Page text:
Remember the old Warehouse Market downtown? They turned it into a used book store.
The Acme..Yellow...and Checker Taxi cabs..
The Old Coliseum where you ice skated.....at Christmas, candy and fruit was given to children and the whole building was over flowing.
Also there would be entertainment. For 30 cents Kids could ride a bus (5cents), go to a movie to see Gene Autry (10cents), get popcorn (5cents), stop by the wonderful original CONEY ISLAND (5 cents), and catch a bus home.
There was a used and new book store around the corner of coney island that you could get used comics for 5 cents or trade 2 for 1
The premiere of TULSA:...Susan HAYWARD, Chill WILLS, and Robert Preston .appeared on stage and in parade with President TRUMAN... riding on the back of convertibles...President Truman had on a blue suit and he had the bluest eyes...Every one all dressed  up ..ladies always had gloves and a hat. You never saw a lady in jeans.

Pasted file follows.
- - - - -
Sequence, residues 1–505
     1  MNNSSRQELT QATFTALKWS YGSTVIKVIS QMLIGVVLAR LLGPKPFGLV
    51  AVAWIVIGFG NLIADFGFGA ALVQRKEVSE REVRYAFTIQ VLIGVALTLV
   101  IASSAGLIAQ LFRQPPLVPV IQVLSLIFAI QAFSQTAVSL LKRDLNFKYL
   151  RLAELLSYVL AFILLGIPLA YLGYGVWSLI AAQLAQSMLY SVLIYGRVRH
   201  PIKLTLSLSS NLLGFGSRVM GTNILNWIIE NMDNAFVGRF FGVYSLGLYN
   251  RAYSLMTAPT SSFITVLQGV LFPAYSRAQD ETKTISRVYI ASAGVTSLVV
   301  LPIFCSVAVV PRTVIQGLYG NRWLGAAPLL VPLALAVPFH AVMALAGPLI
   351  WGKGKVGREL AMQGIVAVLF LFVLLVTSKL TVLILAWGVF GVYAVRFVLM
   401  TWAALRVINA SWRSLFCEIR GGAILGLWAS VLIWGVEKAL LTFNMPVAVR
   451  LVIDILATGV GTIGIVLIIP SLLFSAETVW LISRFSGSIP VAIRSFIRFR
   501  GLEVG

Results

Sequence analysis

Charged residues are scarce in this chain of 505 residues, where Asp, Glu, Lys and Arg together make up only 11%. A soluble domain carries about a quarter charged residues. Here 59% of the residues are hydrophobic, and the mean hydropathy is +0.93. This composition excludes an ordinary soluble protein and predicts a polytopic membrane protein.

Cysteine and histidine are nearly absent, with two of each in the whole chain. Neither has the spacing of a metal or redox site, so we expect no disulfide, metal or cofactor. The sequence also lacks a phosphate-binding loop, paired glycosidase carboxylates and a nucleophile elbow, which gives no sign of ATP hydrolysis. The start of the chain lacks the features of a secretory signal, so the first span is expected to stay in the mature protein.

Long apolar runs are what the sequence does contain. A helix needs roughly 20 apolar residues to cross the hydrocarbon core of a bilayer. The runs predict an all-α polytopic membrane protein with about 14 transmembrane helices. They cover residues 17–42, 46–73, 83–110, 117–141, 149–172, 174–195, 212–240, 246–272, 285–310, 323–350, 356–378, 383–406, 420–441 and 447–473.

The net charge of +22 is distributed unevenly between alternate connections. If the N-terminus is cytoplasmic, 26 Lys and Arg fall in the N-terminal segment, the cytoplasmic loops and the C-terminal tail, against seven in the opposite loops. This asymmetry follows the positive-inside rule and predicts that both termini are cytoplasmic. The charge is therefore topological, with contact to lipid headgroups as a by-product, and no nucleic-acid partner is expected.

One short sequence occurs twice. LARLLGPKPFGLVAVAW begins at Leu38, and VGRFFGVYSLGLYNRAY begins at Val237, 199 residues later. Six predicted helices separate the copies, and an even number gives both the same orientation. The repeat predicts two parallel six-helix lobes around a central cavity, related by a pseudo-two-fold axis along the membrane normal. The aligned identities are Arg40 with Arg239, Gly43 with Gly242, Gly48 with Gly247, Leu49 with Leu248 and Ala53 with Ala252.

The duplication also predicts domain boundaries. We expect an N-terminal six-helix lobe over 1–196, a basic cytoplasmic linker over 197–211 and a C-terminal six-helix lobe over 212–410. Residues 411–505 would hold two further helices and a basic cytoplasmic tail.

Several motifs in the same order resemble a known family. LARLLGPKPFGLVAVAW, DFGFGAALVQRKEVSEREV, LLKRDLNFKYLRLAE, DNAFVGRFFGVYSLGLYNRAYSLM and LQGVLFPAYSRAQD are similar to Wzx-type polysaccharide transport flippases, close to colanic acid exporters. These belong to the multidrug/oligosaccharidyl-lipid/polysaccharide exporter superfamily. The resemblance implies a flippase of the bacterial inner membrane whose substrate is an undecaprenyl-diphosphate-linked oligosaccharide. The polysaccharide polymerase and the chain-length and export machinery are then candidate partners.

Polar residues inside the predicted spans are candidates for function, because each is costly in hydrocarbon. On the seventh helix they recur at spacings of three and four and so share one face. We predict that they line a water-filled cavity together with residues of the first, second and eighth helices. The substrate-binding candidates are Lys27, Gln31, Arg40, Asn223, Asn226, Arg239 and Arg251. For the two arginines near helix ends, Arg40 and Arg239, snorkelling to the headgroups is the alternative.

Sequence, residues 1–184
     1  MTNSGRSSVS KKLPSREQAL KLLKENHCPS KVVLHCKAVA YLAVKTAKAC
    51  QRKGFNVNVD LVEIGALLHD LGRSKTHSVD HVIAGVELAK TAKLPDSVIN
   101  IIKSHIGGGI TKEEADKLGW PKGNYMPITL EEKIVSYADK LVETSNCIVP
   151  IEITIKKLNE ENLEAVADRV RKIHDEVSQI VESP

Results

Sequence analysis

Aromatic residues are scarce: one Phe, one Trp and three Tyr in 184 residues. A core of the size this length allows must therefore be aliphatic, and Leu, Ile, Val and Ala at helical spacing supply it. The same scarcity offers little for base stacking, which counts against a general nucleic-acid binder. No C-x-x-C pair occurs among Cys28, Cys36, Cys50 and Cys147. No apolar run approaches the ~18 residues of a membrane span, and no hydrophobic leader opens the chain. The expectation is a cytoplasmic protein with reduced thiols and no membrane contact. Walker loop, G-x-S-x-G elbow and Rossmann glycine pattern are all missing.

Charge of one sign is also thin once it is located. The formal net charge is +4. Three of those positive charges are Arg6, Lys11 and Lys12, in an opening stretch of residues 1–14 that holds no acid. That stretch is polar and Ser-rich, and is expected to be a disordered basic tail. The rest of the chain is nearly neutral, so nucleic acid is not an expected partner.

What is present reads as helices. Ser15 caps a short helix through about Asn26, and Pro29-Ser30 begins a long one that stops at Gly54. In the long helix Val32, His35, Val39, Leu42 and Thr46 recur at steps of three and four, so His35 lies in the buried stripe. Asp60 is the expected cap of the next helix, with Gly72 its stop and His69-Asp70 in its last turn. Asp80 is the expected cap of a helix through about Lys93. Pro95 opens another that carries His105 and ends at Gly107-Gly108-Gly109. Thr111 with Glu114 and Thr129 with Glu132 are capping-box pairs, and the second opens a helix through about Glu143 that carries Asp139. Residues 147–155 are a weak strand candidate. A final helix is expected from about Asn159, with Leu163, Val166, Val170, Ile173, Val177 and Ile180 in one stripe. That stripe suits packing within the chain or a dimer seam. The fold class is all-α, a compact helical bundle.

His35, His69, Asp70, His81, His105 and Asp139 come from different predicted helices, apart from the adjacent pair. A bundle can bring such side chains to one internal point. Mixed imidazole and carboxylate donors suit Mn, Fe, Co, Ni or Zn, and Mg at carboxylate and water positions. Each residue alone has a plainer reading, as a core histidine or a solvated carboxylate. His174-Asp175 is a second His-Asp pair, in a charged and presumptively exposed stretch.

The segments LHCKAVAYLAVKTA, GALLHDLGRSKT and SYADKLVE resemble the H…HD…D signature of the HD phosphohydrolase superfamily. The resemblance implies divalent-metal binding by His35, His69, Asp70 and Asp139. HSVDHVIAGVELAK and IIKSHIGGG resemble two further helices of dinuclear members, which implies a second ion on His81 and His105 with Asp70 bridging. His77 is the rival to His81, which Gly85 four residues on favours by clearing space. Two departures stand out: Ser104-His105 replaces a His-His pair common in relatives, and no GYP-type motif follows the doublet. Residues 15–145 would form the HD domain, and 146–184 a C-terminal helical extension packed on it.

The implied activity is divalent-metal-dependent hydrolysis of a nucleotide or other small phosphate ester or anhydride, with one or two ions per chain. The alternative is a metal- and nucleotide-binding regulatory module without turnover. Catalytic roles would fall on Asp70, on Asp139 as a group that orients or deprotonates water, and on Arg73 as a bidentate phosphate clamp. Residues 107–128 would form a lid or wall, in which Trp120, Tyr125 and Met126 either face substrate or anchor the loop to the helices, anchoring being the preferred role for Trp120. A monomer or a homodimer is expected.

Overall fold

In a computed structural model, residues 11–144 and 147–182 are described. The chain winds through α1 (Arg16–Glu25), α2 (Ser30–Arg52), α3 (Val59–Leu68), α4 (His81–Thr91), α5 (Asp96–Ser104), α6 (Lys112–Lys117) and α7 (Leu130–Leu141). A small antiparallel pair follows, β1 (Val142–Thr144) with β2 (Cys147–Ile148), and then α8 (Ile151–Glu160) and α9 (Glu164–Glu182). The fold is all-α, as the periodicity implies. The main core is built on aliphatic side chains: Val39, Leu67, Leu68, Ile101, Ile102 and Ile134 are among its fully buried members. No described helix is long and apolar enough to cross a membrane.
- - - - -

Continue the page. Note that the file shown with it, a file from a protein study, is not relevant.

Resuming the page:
Walgreen drug store, which gave many a young person there first jobs. 
Remember  picnics in Owen Park across from Roosevelt Jr. High, it had a wading pool for the little ones  on hot summer days.  There was  the waterfall and some  have pictures of themselves standing on top.  
The ice man used to come by and always chipped off ice for the kids in the summer. The mail man was Jimmy and he delivered mail twice a day to the door! He cared about those on his route and during the war he worried when there was no mail for mothers who had son's over seas.